Books: our chance to travel through time

Books you never grow tired of

A familiar book is like an old friend. You may not have spoken to each other for years, but as soon as you meet again it’s like no time has passed at all. As you gaze at those familiar pages, you’re transported back to all the times you’ve read it before.

It’s a strange feeling – comfortable, but there’s also a tinge of melancholy. Time has passed, and sometimes you wish it hadn’t. I like to see these books as prisms through we which can view our own lives. It’s a bit like time travelling. You get a fleeting reminder of the first time you read it, the feelings you had at the time, the place you were in. I’m often shocked by how vivid these memories can be – and yet, they slip through the fingers so easily.

I get this feeling when I revisit the books I read when I was between the ages of 16 and 21. Those introspective years when you do so much growing up, so quickly. The long summers when you’d devour book after book in a quest of self-discovery. It’s no coincidence that the books I remember from this time are some coming-of-age classics, like I Capture the Castle and the Cazalet Chronicles.

Books you never grow tired of

I’ve re-read these books many times over the years that followed, and they always take me back to that time in my life. But the clever thing about books is that they’re not just snapshots – they help us remember, but they also help us imagine. Each time you revisit a book it’s still possible to learn something new, to appreciate it on a different level. I sympathise with different characters and notice things my younger self missed.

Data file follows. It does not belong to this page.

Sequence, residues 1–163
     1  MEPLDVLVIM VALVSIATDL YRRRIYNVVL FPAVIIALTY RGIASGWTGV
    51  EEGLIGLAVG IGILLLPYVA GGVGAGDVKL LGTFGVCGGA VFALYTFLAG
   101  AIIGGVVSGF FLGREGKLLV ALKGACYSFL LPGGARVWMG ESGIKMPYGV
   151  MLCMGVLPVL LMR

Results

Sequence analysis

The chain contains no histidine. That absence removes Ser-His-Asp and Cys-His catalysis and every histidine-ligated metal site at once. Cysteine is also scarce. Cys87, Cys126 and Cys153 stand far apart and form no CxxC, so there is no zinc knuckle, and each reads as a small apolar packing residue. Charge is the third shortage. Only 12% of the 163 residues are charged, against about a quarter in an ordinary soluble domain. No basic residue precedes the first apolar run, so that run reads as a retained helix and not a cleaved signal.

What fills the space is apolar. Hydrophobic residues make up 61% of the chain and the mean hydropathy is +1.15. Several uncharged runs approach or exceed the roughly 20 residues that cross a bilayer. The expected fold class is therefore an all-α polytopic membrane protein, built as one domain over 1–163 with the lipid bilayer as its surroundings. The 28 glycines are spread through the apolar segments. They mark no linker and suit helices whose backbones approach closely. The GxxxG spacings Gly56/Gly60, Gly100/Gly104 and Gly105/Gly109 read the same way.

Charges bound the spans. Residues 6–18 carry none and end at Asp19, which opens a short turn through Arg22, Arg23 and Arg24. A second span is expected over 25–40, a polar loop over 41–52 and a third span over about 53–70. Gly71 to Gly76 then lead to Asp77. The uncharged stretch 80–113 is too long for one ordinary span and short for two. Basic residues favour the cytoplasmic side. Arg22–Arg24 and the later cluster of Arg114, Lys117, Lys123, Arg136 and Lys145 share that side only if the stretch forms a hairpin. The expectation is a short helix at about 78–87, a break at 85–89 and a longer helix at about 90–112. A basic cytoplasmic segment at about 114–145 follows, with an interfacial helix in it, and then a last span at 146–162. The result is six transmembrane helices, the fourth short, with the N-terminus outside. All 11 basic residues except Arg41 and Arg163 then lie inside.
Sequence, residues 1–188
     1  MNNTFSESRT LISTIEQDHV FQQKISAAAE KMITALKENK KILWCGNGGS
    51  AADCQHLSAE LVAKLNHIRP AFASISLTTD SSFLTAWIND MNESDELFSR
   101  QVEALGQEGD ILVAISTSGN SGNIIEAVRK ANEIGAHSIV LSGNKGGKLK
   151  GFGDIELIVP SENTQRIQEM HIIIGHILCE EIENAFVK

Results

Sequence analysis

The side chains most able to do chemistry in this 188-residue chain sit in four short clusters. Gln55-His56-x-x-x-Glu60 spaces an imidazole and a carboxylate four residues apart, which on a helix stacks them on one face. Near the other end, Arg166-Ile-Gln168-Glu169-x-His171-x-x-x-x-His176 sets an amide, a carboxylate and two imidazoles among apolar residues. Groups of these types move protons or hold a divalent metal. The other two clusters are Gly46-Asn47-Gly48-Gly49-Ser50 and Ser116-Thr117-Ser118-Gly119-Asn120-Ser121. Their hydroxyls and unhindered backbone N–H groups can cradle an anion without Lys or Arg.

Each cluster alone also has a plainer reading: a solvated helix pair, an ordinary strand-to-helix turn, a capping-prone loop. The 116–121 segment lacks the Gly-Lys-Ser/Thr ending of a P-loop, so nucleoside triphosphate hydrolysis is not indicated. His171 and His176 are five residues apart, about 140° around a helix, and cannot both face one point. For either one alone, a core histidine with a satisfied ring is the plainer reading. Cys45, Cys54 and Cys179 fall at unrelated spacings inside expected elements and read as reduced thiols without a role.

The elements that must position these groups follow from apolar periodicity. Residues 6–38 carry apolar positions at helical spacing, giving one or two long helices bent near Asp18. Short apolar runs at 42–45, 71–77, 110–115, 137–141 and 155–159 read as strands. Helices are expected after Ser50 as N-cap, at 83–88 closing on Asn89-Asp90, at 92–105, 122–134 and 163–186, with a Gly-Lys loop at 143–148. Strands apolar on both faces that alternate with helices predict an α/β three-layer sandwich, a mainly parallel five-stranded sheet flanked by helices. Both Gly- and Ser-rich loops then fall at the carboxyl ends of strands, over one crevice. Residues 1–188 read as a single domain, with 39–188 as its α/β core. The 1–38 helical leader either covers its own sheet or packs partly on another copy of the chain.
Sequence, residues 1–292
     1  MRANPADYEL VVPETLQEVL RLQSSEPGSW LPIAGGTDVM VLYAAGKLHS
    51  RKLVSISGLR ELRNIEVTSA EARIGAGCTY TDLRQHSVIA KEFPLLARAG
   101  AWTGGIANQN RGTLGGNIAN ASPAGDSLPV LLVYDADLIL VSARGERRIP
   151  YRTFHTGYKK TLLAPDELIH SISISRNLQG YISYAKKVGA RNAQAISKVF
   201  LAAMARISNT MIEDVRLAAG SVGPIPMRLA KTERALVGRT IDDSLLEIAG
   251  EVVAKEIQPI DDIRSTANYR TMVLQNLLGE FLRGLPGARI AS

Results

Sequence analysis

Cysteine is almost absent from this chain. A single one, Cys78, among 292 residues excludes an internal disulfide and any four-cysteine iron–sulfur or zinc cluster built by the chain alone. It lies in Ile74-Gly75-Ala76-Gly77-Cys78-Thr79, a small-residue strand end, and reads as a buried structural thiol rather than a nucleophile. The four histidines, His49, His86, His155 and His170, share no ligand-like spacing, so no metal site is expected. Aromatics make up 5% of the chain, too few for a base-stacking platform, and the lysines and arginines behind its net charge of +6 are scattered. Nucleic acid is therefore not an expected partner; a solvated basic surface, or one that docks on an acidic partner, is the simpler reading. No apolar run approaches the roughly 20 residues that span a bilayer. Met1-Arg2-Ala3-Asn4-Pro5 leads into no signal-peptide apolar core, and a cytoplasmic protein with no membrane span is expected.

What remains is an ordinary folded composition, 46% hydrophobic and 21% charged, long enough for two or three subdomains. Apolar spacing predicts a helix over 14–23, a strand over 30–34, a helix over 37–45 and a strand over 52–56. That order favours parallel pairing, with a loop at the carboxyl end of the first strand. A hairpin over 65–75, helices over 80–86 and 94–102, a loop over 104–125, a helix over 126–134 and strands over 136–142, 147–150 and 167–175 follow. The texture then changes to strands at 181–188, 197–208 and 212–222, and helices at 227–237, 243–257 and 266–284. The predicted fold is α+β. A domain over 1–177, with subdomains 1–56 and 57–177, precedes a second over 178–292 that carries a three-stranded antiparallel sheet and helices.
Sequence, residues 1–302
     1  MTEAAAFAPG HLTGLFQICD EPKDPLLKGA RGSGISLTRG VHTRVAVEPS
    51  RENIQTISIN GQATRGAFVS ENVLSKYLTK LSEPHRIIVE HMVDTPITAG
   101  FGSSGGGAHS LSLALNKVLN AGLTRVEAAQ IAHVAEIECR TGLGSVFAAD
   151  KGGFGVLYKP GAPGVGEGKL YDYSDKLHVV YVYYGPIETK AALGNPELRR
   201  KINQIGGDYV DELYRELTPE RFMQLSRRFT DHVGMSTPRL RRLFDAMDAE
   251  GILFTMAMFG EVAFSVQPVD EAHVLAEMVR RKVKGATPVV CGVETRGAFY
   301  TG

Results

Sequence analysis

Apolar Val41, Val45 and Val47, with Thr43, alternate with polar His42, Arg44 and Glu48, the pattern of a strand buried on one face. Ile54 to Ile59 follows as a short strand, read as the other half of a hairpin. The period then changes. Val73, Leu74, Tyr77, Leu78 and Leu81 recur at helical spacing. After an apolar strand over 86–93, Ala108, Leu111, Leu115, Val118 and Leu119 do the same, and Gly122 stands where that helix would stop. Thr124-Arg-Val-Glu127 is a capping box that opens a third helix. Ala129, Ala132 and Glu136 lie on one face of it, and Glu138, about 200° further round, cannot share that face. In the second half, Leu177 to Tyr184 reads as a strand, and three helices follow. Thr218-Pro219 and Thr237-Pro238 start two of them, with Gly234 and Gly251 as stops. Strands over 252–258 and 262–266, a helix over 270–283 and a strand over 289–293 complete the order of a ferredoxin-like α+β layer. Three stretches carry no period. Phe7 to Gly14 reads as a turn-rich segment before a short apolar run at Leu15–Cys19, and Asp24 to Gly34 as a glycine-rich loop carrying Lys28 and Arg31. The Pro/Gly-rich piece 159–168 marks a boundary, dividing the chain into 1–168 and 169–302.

And what about those books you always meant to read as a child, but never did? Go back now and found out what you were missing. The Harry Potter novels never clicked for me as when they were first published – I was just the wrong age, and it wasn’t the right time for me to appreciate them. But reading them in my thirties has felt more special. I devoured them, and felt bereft when they were finished. It was almost as though by reading them I’d been able to travel in time again – back to the time I might have read them.

Books are prisms. Look one way and you’ll see the past, reflected through the present – look another way and you’ll see the future. That feeling of discovery never gets old, and it’s a reminder why books should always be an important part of our lives.

Do you have a favourite book you like to return to, again and again?






  1. Anna
    July 14, 2017 / 10:47 am

    Great idea! For some reason I started wanting to re-read Anne of Green Gables reading this!

    • marmaladepie
      July 28, 2017 / 11:47 am

      I have never read Anne of Green Gables – this whole post was actually inspired by wanting to read it for the first time, and then thinking about the books I love from my past x

  2. Anne Grove
    July 15, 2017 / 11:53 am

    I always return to Pride and Prejudice and Wild – a bit of a contrast, but both old friends.

    • marmaladepie
      July 28, 2017 / 11:46 am

      I feel a P&P re-read coming on! Might take it on my holiday!

  3. July 16, 2017 / 9:56 am

    I always think of Sylvia Plath and Tess of the d’Urbervilles when I remember being 18-20ish – a bit melodramatic and wallow-y, which I was at that age! Love your blog, Lizzie and thanks for an interesting post.

    • marmaladepie
      July 28, 2017 / 11:45 am

      Melodramatic and wallow-y – yep that was my teenage reading of choice too! Thanks for commenting, I’m so glad you enjoyed this post! x

    • marmaladepie
      July 28, 2017 / 11:43 am

      Thanks so much Ana! The power of books is so strong, isn’t it? They are comforting but also challenging and invigorating x

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